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For other uses, see Oregano (disambiguation).
Origanum vulgare - harilik pune.jpg
Flowering oregano
Scientific classification
Kingdom: Plantae
(unranked): Angiosperms
(unranked): Eudicots
(unranked): Asterids
Order: Lamiales
Family: Lamiaceae
Genus: Origanum
Species: O. vulgare
Binomial name
Origanum vulgare

Oregano (US /ɔːˈrɛɡən/ or /əˈrɛɡən/;[1] UK /ˌɒrɪˈɡɑːn/;[2] scientific name Origanum vulgare) is a common species of Origanum, a genus of the mint family (Lamiaceae). It is native to temperate western and southwestern Eurasia and the Mediterranean region.

Oregano is a perennial herb, growing from 20–80 cm (7.9–31.5 in) tall, with opposite leaves 1–4 cm (0.39–1.57 in) long. Oregano will grow in a pH range between 6.0 (mildly acidic) and 9.0 (strongly alkaline), with a preferred range between 6.0 and 8.0. The flowers are purple, 3–4 mm (0.12–0.16 in) long, produced in erect spikes. It is sometimes called wild marjoram, and its close relative O. majorana is known as sweet marjoram.

Description and biology[edit]

Oregano is related to the herb marjoram, sometimes being referred to as wild marjoram. Oregano has purple flowers and spade-shaped, olive-green leaves. It is a perennial,[3][4] although it is grown as an annual in colder climates, as it often does not survive the winter.[5][6] Oregano is planted in early spring, the plants being spaced 30 cm (12 in) apart in fairly dry soil, with full sun. It prefers a hot, relatively dry climate, but does well in other environments.[citation needed]


Syrian oregano (Origanum syriacum)
Pollination with white-tailed bumblebee

Many subspecies and strains of oregano have been developed by humans over centuries for their unique flavors or other characteristics. Tastes range from spicy or astringent to more complicated and sweet. Simple oregano sold in garden stores as Origanum vulgare may have a bland taste and larger, less dense leaves, and is not considered the best for culinary uses, with a taste less remarkable and pungent. It can pollinate other more sophisticated strains, but the offspring are rarely better in quality.

The related species, Origanum onites (Greece, Turkey) and O. syriacum (West Asia), have similar flavors. A closely related plant is marjoram from Turkey, which differs significantly in taste, though, because phenolic compounds are missing from its essential oil. Some varieties show a flavor intermediate between oregano and marjoram.


Accepted subspecies:[7]

  1. O. v. subsp. glandulosum (Desf.) Ietsw. - Tunisia, Algeria
  2. O. v. subsp. gracile (K.Koch) Ietsw. (= O. tyttanthum) has glossy green leaves and pink flowers. It grows well in pots or containers, and is more often grown for added ornamental value than other oregano. The flavor is pungent and spicy.[8] - Central Asia, Iran, India, Turkey, Afghanistan, Pakistan.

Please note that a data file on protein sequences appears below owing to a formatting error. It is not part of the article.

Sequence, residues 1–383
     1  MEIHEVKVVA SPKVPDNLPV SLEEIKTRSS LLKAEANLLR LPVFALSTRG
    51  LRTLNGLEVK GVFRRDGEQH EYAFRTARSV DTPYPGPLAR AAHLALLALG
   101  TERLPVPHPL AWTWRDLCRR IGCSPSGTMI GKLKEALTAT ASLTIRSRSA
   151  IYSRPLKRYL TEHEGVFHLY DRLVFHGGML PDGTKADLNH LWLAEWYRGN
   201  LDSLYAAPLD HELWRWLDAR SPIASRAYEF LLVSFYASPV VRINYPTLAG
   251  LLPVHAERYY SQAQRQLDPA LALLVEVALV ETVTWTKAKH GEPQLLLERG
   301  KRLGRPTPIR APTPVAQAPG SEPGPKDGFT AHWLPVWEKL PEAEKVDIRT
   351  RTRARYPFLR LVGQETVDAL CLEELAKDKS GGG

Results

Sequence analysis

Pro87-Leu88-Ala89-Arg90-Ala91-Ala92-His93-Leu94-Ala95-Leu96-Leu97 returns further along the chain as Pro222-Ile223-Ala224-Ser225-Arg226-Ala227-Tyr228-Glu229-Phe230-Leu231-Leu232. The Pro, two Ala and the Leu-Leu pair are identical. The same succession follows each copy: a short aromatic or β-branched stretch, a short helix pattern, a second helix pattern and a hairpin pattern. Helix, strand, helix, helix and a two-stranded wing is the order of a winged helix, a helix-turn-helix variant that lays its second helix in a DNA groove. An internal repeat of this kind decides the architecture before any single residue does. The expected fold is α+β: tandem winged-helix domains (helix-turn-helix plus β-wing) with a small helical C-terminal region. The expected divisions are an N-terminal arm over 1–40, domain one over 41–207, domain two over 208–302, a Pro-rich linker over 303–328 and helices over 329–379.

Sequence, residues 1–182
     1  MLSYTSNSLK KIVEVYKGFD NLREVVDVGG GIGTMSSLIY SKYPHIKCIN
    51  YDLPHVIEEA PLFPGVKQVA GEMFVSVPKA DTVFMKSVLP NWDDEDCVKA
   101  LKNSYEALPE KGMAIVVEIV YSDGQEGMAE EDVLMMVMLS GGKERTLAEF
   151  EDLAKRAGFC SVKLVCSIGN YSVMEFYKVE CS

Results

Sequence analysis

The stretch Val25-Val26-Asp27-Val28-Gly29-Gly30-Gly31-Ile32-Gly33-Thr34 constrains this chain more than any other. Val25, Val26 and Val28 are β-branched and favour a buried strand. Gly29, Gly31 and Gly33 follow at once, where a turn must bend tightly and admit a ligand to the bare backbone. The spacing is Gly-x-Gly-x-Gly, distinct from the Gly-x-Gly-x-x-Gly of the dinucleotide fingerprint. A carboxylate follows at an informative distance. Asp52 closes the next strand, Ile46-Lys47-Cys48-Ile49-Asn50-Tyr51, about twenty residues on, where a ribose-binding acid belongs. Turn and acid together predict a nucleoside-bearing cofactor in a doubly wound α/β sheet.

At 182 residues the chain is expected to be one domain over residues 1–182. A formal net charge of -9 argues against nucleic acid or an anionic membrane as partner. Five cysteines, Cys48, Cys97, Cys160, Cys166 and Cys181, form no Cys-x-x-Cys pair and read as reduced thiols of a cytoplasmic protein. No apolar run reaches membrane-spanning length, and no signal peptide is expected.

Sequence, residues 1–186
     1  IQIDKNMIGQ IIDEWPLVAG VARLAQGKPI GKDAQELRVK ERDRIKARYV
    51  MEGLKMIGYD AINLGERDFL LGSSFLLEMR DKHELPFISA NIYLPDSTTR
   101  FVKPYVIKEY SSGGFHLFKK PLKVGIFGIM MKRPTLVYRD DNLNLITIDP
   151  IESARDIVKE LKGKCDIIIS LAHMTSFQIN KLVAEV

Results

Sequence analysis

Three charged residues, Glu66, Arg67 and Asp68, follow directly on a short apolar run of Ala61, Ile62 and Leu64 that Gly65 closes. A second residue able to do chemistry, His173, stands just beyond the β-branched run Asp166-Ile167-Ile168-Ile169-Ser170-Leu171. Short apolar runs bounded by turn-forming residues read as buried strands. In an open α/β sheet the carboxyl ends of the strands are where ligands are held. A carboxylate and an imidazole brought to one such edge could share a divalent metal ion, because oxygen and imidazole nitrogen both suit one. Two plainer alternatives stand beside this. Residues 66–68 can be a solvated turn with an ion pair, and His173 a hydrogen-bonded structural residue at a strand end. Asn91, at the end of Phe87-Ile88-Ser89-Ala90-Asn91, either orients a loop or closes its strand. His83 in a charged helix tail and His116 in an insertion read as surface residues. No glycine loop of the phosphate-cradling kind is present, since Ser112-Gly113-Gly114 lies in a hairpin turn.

3. O. v. subsp. hirtum (Link) Ietsw. - (Italian oregano, Greek oregano) is a common source of cultivars with a different aroma[8] from those of O. v. gracile. Growth is vigorous and very hardy, with darker green, slightly hairy foliage. Generally, it is considered the best all-purpose culinary subspecies. - Greece, Balkans, Turkey, Cyprus
  4. O. v. subsp. virens (Hoffmanns. & Link) Ietsw. - Morocco, Spain, Portugal, Balearic Islands, Canary Islands, Azores, Madeira
  5. O. v. subsp. viridulum (Martrin-Donos) Nyman - widespread from Corsica to Nepal
  6. O. v. subsp. vulgare - widespread across Europe + Asia from Ireland to China; naturalized in North America + Venezuela


Example cultivars of oregano include:

  • 'Aureum' – Golden foliage (greener if grown in shade), mild taste: It has gained the Royal Horticultural Society's Award of Garden Merit.[9]
  • 'Greek Kaliteri' – O. v. hirtum strains/landraces, small, hardy, dark, compact, thick, silvery-haired leaves, usually with purple undersides, excellent reputation for flavor and pungency, as well as medicinal uses, strong, archetypal oregano flavor (Greek kaliteri: the best)
  • 'Hot & Spicy' – O. v. hirtum strain
  • 'Nana' – dwarf cultivar

Cultivars traded as Italian, Sicilian, etc. are usually hardy sweet marjoram (O. ×majoricum), a hybrid between the southern Adriatic O. v. hirtum and sweet marjoram (O. majorana). They have a reputation for sweet and spicy tones, with little bitterness, and are prized for their flavor and compatibility with various recipes and sauces.



Dried oregano for culinary use

Oregano is an important culinary herb, used for the flavour of its leaves, which can be more flavourful when dried than fresh. It has an aromatic, warm, and slightly bitter taste, which can vary in intensity. Good-quality oregano may be strong enough almost to numb the tongue, but cultivars adapted to colder climates often have a lesser flavor. Factors such as climate, season, and soil composition may affect the aromatic oils present, and this effect may be greater than the differences between the various species of plants. Among the chemical compounds contributing to the flavour are carvacrol, thymol, limonene, pinene, ocimene, and caryophyllene.[10]

Oregano (অরেগানো)